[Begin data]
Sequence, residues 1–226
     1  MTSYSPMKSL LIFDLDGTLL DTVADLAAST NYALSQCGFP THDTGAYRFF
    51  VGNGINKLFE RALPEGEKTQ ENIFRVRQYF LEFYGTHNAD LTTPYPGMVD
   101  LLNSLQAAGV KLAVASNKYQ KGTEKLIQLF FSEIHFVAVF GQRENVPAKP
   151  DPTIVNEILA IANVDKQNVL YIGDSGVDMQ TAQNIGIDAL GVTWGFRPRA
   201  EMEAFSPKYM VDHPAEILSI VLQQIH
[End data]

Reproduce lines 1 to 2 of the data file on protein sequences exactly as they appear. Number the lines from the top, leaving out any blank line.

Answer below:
Sequence, residues 1–226
     1  MTSYSPMKSL LIFDLDGTLL DTVADLAAST NYALSQCGFP THDTGAYRFF